Dakota somewhere and started for the depot. When the train came in, he climbed on the platform and at once proceeded to sell the whole train of cars, passengers in all, an auction. The conductor came forward and Miller's cry of "one, two and a forty, who is the next lucky man," held him in suspense, for he did not know whether Miller would allow his train to leave Emmetsburg that night or not. Finally the train pulled out and Miller could be heard clear to the river, shouting for another bid. We would advise Ruthven to send along a guardian that next time that fellow visits Emmetsburg, or else a bodyguard.

-- Mrs. M. Higley is visiting her daughter, Mrs. Guilford.
-- Mrs. Taylor is the owner of a new and beautiful road cart.
-- Will Guilford captured a young make Sunday while out walking. Being unable to start a circus, will want to know what to do with it.
-- what is the matter with the band, we have not heard it lately.

Wednesday, July 8, 1885, of heart disease, Mrs. Fahey, aged 49 years.

Emmetsburg Democrat; Wednesday, July 22, 1885

-- An addition to J. H. Cummings family in Highland township is the latest. A fine boy of usual proportions.
-- James Fitzgerald is raffling off his three resident lots in block 17, near Emmetsburg high school. The lots are worth at least $100 each, and by paying one dollar for a raffle ticket, you will have a chance at the prize. Let everyone buy a ticket.
-- John M. Mulroney, of Fort Dodge and brother of J.T., W.K., and P. Mulroney, of Nevada township, was in the city a few days last week, renewing old acquaintances. When this county was first organized, Mr. Mulroney was county treasurer for a number of years.
-- Will Chiquet, who is acting as traveling agent for A. Rank & Co., of Fort Dodge for a number of years, made a pleasant call on last Friday. He has recently engaged in business for himself in that city with a man by the name of Willging. Will is a good boy and has a number of friends in Emmetsburg who desire to see him prosper.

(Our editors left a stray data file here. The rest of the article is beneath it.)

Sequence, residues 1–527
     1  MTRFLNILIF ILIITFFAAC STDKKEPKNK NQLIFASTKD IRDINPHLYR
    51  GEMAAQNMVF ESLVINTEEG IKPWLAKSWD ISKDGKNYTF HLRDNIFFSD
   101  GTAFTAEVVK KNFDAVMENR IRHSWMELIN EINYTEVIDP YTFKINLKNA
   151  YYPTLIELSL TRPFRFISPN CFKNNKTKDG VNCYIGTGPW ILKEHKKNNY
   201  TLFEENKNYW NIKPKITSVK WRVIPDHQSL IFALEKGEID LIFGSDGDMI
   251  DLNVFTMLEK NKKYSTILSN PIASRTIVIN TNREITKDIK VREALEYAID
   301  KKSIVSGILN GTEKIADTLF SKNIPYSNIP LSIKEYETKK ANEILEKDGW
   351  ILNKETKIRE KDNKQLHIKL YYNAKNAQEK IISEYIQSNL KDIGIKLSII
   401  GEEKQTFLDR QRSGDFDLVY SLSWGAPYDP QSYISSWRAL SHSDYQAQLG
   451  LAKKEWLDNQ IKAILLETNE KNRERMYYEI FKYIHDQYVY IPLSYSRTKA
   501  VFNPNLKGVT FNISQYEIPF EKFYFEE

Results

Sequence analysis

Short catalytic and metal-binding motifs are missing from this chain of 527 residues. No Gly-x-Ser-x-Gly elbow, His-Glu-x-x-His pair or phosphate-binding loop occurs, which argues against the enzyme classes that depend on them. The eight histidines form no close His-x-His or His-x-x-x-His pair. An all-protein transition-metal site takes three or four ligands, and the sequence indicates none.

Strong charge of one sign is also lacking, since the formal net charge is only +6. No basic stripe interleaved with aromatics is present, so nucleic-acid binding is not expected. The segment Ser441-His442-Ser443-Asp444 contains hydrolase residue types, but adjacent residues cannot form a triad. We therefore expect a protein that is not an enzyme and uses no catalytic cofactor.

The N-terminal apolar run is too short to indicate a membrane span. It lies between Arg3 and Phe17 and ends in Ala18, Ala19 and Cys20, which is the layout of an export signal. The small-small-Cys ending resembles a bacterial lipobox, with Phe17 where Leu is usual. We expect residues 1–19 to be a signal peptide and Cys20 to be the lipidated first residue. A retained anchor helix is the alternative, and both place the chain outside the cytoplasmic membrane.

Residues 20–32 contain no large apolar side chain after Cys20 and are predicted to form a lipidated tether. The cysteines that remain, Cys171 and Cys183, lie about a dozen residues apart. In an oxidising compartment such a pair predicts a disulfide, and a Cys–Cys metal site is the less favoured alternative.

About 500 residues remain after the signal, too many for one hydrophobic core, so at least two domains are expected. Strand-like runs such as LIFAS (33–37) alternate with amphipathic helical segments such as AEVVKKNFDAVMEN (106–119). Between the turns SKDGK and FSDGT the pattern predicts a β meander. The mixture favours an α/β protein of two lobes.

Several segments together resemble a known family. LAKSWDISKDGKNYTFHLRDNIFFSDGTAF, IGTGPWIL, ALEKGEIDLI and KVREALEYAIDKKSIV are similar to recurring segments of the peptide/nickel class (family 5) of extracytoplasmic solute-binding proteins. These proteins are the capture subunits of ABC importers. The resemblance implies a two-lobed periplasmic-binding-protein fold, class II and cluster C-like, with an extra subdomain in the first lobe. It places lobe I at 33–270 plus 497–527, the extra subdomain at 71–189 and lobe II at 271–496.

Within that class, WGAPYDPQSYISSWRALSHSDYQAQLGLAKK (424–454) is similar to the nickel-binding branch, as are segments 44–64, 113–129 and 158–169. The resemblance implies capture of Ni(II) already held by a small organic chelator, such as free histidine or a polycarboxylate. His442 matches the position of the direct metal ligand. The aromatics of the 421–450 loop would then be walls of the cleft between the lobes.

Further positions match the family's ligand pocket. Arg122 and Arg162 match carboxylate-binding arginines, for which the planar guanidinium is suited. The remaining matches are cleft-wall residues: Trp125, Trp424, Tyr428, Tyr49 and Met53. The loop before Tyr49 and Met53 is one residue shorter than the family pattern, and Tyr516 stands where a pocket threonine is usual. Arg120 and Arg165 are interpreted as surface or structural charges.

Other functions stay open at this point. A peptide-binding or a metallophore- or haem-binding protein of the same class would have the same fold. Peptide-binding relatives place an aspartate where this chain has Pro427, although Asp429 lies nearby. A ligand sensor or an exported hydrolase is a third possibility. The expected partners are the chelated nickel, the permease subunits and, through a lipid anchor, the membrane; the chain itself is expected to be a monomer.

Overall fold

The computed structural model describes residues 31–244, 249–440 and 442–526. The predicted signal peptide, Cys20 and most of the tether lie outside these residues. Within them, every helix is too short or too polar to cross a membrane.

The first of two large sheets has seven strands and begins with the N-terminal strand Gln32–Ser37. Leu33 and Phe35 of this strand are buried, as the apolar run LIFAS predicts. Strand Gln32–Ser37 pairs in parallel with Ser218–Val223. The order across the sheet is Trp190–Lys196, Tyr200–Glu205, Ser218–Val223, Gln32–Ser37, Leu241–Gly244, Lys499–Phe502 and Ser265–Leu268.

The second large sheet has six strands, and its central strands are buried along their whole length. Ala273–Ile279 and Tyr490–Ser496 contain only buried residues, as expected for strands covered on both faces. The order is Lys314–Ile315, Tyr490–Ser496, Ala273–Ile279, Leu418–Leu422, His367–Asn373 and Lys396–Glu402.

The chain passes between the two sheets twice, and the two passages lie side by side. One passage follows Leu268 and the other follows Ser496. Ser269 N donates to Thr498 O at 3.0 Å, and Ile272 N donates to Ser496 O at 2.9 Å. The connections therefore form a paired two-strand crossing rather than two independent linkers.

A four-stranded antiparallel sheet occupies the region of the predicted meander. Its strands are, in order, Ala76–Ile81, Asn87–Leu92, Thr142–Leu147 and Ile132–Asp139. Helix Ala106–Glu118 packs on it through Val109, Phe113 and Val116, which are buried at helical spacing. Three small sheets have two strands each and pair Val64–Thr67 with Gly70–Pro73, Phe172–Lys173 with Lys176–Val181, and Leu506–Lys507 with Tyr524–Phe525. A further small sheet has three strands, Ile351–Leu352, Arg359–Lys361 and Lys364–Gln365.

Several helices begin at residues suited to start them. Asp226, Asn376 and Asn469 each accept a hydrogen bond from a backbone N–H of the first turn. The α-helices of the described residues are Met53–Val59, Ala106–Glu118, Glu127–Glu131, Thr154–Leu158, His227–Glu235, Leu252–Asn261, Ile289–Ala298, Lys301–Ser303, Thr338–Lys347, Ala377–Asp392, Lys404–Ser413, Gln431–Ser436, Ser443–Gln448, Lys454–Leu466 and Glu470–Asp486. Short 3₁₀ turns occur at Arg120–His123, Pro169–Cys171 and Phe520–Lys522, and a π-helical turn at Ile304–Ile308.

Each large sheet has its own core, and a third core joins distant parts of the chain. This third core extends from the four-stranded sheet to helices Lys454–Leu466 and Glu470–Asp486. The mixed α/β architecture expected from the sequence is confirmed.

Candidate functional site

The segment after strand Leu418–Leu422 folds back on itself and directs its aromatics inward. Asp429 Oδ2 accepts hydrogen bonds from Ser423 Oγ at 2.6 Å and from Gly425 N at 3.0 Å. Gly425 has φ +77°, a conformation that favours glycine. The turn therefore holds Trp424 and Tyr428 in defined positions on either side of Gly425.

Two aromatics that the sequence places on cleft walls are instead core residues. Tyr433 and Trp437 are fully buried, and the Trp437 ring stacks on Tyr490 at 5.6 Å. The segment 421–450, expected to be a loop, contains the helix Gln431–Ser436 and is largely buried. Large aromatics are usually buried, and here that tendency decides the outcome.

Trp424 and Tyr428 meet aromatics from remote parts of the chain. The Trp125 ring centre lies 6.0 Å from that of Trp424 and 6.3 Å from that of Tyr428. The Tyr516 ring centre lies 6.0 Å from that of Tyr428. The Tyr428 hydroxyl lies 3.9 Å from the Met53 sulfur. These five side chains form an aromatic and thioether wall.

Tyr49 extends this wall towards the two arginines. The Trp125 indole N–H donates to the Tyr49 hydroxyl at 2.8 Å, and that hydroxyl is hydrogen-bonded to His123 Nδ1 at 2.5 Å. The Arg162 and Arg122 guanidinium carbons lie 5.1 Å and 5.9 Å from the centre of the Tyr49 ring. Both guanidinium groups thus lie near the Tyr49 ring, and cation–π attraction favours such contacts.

-- Mrs. Margaret Pratt, of Morris Illinois, is visiting with her sister, Mrs. Martin Coonan of this place.
-- It is said that prairie chickens are more plentiful this season than for years before. Sportsmen anticipate a great harvest.
-- J. L. Ormsby has moved the old Methodist church on one of his resident lots in the north part of town and is converting it into a dwelling.
-- James Gown, formerly clerk for Thomas McLaughlin and John Scott, of Emmett county, have opened up a dry goods and grocery store in the building formerly occupied by W. S. Frost as a meat market.

-- Mr. C. Kaley, formerly of Clay county, is now lying dangerously ill at the home of his brother near town. Dr. Baldwin who attends him, pronounces him incurable, being in the last stage of consumption.
-- George H. Pendlebury is well stocked with all kinds of farm machinery.

Emmetsburg Democrat; Wednesday, July 29, 1885

In Ayrshire Iowa on Tuesday, July 21, Mr. Benjamin Kahley, aged 22 years.

-- Dr. J. W. Powers, of Independence, and brother of H. A. Powers of this place, arrived in Emmetsburg last Thursday evening. The doctor is looking up a location with a view of practicing medicine.
-- Little Mabel Seely has been suffering quite severely with diphtheria for some time past, but under the skillful treatment of Dr. Powers, is recovering. We are informed that there are a few other cases in town.
-- Cucumbers show their appearance in our markets which reminds us of a good way to serve the luscious fruit. Get nice green ones the greater the better, pare them wash clean and cut in slices seasoning well with pepper and salt. Place all in a glass dish covering them with vinegar and put away in a cool place until next morning at which time you should take them to the window, and gently throw the whole business out of the grass.
-- James Heffley while in bathing at the river a few days ago, severely cut his foot on a sharp clamshell with which he came in contact. His limb is badly swollen, caused by the poison from the shell.
-- Henry Treolar, who was sentenced by Judge Duffie on May 15, 1883, for two years and six months in the penitentiary at Anamosa for seduction has lately been discharged. Henry is a butcher by trade, and in all probability will again return to Emmetsburg where he will reengage in the butcher trade.